plan

Please enjoy my professional and highly accurate diagram

Now, as we have stupidly decided we’re going to take on this new, not insignificantly sized project a month before Christmas when we have no money, time or daylight, we’re working to quite a restricted timeline. Our outside activities (including but not limited to furious sanding and painting) which would have happily been done after work in the summer now can only be completed in a 4 hour window on the weekend between bouts of rain and darkness. Regardless of that though, I feel we’ve achieved quite a lot this weekend and am terribly proud of us. Considering we only decided what we were planning to do at the beginning of the month, the day bed (which was the biggest concern) is already practically finished. TMM deftly managed to liberate three full sized pallets from his place of work, and I spent Saturday happily wrapped in every jumper I own, sanding away to my heart’s content. I was forced to take a Wilko’s break to pick up some new paint, purely because TMM says that sanding for two hours straight is detrimental to my health (spoil sport), but before the daylight faded we had two smooth and painted pallets drying up against the wall.

TMM hard at work priming like a pro and me doing my best bank robber impression – protect eyes, nose and mouth. Remember Kids – Health and safety is paramount when doing DIY!

We have also repurposed one of the hideous mini MDF bookshelves from downstairs to be the new TV stand (with bonus room for adorable trinkets) though that wasn’t dealt with quite as successfully. We sanded, primed and tried to paint one coat, but due to unnecessary rainfall and unfortunate placement of protective tarpaulin, most of the paint was removed and some slight water damage was suffered. Still, nothing was irrevocably harmed and the item in question is currently chilling by the backdoor, recovering from the experience and providing endless amusement to the cat. In the meantime, TMM has masses of fun hacking the old mattress into usable chunks with a breadknife and we’ve now got spare clumps of foam all over the place waiting to go to the tip. Hopefully, weather permitting on Saturday, I’ll be able to repaint and finish the new TV stand whilst TMM gets rid of all the excess crap and then on Sunday we’ll be able to start putting things in place and focusing on the little bits (which is clearly my favourite part). I’ve already added two fake trailing ivy plants and a couple of succulents to my amazon basket, and TMM has a lovely paper mache stag head in cream in bronze that he’s itching to hang in pride of place above the telly. (It allows him to live out his taxidermy dreams without me actually having to have stuffed animals all over the place – ignoring the Squirrel Guardians of Doom that sit on the mantelpiece downstairs giving me evils). I’m quite proud of us too, because the two main pieces of furniture have cost us a grand total of £27.97 (wood stain, paint and bedding), which means I can spend at least another £20 on accoutrements from IKEA and not feel too bad about it. I’ve already got my eye on a SUPER soft blanket and a fox shaped light in a bell jar which will go perfectly.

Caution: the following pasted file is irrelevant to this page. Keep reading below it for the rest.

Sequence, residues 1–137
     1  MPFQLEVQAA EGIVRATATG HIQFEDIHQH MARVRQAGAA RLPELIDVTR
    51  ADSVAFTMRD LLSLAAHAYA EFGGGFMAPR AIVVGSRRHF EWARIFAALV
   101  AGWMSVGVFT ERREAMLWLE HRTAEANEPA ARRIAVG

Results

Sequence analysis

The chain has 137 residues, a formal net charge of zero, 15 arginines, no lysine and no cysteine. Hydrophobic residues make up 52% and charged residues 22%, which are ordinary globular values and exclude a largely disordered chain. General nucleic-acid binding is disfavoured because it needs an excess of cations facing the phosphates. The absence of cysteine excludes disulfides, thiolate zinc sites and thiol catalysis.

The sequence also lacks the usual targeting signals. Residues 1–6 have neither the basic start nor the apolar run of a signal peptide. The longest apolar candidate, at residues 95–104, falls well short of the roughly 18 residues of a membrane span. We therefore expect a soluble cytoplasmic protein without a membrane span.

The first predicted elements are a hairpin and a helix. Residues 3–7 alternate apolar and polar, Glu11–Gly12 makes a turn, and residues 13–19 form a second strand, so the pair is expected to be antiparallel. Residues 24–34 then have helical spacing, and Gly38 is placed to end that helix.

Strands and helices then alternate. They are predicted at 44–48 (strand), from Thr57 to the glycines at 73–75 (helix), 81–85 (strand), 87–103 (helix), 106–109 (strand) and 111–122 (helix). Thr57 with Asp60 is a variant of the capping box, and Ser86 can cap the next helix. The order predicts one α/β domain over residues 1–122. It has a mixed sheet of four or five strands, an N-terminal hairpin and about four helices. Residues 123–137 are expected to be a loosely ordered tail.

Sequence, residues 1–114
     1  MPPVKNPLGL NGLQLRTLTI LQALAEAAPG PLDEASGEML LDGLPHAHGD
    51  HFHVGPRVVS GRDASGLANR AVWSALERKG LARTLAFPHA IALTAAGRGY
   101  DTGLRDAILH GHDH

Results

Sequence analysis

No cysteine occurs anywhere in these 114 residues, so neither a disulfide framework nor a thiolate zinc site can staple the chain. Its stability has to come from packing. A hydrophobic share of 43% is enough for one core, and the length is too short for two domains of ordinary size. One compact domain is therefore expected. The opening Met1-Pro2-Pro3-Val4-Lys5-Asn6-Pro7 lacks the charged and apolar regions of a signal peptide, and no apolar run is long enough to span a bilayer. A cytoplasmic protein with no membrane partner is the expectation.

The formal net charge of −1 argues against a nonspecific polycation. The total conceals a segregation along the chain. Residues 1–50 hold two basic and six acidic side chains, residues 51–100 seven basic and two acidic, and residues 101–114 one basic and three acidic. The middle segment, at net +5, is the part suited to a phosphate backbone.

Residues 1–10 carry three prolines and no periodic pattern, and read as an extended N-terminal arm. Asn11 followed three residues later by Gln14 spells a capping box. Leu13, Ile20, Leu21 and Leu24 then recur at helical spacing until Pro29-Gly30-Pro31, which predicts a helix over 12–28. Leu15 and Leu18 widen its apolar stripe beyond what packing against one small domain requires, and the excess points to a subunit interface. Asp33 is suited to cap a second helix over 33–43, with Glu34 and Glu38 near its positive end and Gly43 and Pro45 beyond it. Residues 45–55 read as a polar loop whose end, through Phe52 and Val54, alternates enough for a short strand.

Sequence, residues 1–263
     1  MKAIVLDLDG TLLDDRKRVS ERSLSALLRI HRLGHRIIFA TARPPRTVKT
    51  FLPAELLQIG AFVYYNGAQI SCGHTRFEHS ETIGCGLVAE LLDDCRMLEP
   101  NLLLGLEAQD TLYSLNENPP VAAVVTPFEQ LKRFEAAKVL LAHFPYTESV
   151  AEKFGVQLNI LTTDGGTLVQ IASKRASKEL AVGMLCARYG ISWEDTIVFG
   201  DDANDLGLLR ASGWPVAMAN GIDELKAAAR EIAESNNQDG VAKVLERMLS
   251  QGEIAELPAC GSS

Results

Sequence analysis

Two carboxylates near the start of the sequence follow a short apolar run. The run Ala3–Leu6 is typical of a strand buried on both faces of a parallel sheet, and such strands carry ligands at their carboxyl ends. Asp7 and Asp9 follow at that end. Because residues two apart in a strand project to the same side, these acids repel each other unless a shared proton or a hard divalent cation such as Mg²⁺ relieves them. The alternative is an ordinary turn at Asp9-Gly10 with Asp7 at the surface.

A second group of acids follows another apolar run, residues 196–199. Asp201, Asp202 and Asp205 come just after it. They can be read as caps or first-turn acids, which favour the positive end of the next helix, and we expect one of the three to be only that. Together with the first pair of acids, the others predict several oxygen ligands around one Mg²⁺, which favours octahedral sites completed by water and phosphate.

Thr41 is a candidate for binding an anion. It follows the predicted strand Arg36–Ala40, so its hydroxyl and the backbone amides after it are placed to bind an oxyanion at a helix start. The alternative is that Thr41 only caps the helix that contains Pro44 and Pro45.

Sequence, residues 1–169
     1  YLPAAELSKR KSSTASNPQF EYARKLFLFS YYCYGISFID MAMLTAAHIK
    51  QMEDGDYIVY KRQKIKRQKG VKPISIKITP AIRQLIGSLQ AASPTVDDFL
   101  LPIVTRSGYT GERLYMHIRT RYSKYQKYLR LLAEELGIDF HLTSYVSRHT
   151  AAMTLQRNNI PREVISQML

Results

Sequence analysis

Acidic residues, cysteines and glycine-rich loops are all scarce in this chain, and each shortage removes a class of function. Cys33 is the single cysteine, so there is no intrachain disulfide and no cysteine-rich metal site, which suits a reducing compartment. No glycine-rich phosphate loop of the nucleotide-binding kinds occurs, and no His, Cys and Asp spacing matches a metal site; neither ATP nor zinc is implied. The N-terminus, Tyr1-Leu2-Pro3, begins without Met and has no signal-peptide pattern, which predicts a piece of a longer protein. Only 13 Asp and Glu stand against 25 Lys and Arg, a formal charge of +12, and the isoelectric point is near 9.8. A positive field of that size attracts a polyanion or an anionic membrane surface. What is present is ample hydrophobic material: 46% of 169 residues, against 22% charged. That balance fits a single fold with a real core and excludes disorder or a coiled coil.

cwtch

Here we can see a mostly completed day bed – minus super soft cotton sheets, a dismembered mattress and an artfully placed stag head. Not bad for a day’s work!

Overall, by December, the Cwtch should be fully stocked, operational and ready to enjoy during the final stress fuelled push towards Christmas. Which is good, because I feel like I need an encouraging boost at this stage. The Christmas Present Tracker isn’t filling up with successful green boxes as quickly as I’d hoped and I’m having to fight off the rising tide of panic that’s approaching. Though, we’ve got two days off in November (well TMM has 3 but whatever) and as I said to TMM, Christmas is going to get DONE son. I want to go into December with only wrapping, labels and little sweet bundles left on the to-do list – Positive Mental Attitude people! At least I’m coping better than I was two weeks ago, when I was all for cancelling the whole season and spending the festive weekend in bed sulking massively. The older I get (and the more people move around) that harder I find Christmas. I mostly blame work (if I didn’t have to work at all, I could happily spend weeks travelling around leisurely and bestowing gifts happily), but mainly I think I’m just slowly transforming into the Grinch. Still, if I can achieve a new room under budget and within two weeks, I can definitely beat Christmas. 

Something to write home about…

So over the last few days a lot of politics has occurred and once again nobody really has a clue what’s going on, which doesn’t really make much of a difference to how everything usually is. Still, record numbers of young people went out to vote so it can’t be all bad. I remain mostly detached from the situation (I research, I vote, I still despair), but I am now at least a little less cynical towards the voting public. The fact that UKIP have no seats has instilled a small light of faith within my soul.